Hi, I am a college student and I recently just noticed my English skills are below college requirements and math as well. I was wondering is there any way I can get a tutor?


Anonymous, Helpful tutor/teacher

Definitely. In today's day and age, finding a tutor has never been easier. The first place I would look would be your university's campus. Many general classes will have tutoring services offered by the school. These tutors are students that have previously taken (and gotten good grades in) the class(es) that you need help in. Since these students took the exact class, they should be of most help and may even be able to provide with you with material from when they took the course. Another (often cheaper) option is to visit the professor or TA during their office hours. These are hours in which your professor or TA are required to tutor, so this is obviously invaluable. The downside to this is that there will usually be many students, whereas you will usually have 1-on-1 time with a tutor.

If you're looking for something outside of campus, however, there are a number of tutoring agencies that you can look to. A simple search through a search engine can find you tutors through an agency such as WyzAnt or UniversityTutor. Another viable option is using Craigslist to find a tutor, although I would be wary with choosing this option. Even if it's not a scam, a craigslist ad for a tutor may bring you someone unqualified. I would do some background checking before committing to a tutor through Craigslist.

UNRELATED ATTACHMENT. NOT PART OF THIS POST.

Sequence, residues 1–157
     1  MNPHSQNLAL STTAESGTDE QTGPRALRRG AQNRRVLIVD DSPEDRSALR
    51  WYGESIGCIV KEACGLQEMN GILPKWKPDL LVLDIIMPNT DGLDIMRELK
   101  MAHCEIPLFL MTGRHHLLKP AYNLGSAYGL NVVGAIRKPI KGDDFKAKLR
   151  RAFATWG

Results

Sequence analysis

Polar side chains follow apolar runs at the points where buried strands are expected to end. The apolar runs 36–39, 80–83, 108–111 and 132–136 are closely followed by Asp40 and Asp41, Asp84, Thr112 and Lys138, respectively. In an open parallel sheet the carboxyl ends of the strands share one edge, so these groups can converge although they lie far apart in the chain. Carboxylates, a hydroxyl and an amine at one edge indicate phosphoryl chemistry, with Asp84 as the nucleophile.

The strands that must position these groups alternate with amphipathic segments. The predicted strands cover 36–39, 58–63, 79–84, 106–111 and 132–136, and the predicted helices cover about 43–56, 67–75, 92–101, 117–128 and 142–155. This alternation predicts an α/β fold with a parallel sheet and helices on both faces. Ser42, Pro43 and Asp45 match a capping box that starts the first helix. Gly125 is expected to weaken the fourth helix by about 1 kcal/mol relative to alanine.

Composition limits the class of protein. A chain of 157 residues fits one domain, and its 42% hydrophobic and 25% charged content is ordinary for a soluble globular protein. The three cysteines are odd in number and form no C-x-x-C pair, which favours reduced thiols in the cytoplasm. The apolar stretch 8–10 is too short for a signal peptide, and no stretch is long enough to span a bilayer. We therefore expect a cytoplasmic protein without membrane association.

Finally, there is also the option of online tutoring. This gives you the luxury of interacting with a tutor from your own home. Sites such as InstaEDU or even Noodle can offer you good tutoring services.

Hope this helps!

Amanda Morris, College Professor, Writer, Advisor, Writing Coach

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You've received some good advice already, but let me focus a bit on your writing. Most campuses have a university writing center that specializes in helping students with any aspect of any writing assignment for any course. Not only that, most centers train their undergraduate and graduate tutors extensively so they understand how to talk to you, work with you on a variety of writing-related tasks, and how to advise you. I strongly recommend that you seek out your university's writing center and set up an appointment with a tutor. You can discuss everything from brainstorming ideas or getting started on an assignment to polishing and editing your writing once you have a draft.

Depending on the rules of the center, you might also be able to set up a regular appointment with the same tutor, which allows you to get to know each other and gives the tutor a chance to work with you on more than one project. Trust is built and the tutor will start providing more specific advice based on patterns and repeated issues that she sees in your writing. On your side, you will get to know your tutor and learn to trust what she says, hopefully leading to necessary changes that will improve your writing skills.

I know that it can be frustrating to have to seek out additional help, but please remember that these campus resources are there for only one purpose - to help you succeed! You did the right thing to start asking here, but now look for the university writing center on your campus to start improving your writing skills today. You can do it! :)

Lisa Hiton, Professor of English and Arts, Poet, Filmmaker, Writer

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I echo everything that has been said, especially about writing centers. Just two things to add: